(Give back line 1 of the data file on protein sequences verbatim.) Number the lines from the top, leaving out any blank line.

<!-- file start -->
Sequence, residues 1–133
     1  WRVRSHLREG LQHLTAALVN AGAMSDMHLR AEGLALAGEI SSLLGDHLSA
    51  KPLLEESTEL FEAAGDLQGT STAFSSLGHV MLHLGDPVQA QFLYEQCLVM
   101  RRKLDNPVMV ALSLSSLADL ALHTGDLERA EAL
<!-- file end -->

Sequence, residues 1–133